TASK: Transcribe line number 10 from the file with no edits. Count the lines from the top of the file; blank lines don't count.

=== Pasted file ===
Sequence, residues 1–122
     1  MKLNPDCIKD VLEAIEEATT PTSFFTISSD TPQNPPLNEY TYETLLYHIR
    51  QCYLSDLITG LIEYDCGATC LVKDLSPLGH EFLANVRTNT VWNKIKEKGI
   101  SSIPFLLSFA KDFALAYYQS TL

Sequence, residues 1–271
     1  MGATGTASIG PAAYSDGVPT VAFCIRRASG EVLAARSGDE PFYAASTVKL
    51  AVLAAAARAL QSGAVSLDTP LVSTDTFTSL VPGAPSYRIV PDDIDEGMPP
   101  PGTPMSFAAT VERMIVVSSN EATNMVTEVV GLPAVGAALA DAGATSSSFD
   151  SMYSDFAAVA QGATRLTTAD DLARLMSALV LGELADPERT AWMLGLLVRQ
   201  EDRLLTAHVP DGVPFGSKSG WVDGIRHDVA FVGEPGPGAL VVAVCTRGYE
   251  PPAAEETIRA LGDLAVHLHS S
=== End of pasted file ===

   201  EDRLLTAHVP DGVPFGSKSG WVDGIRHDVA FVGEPGPGAL VVAVCTRGYE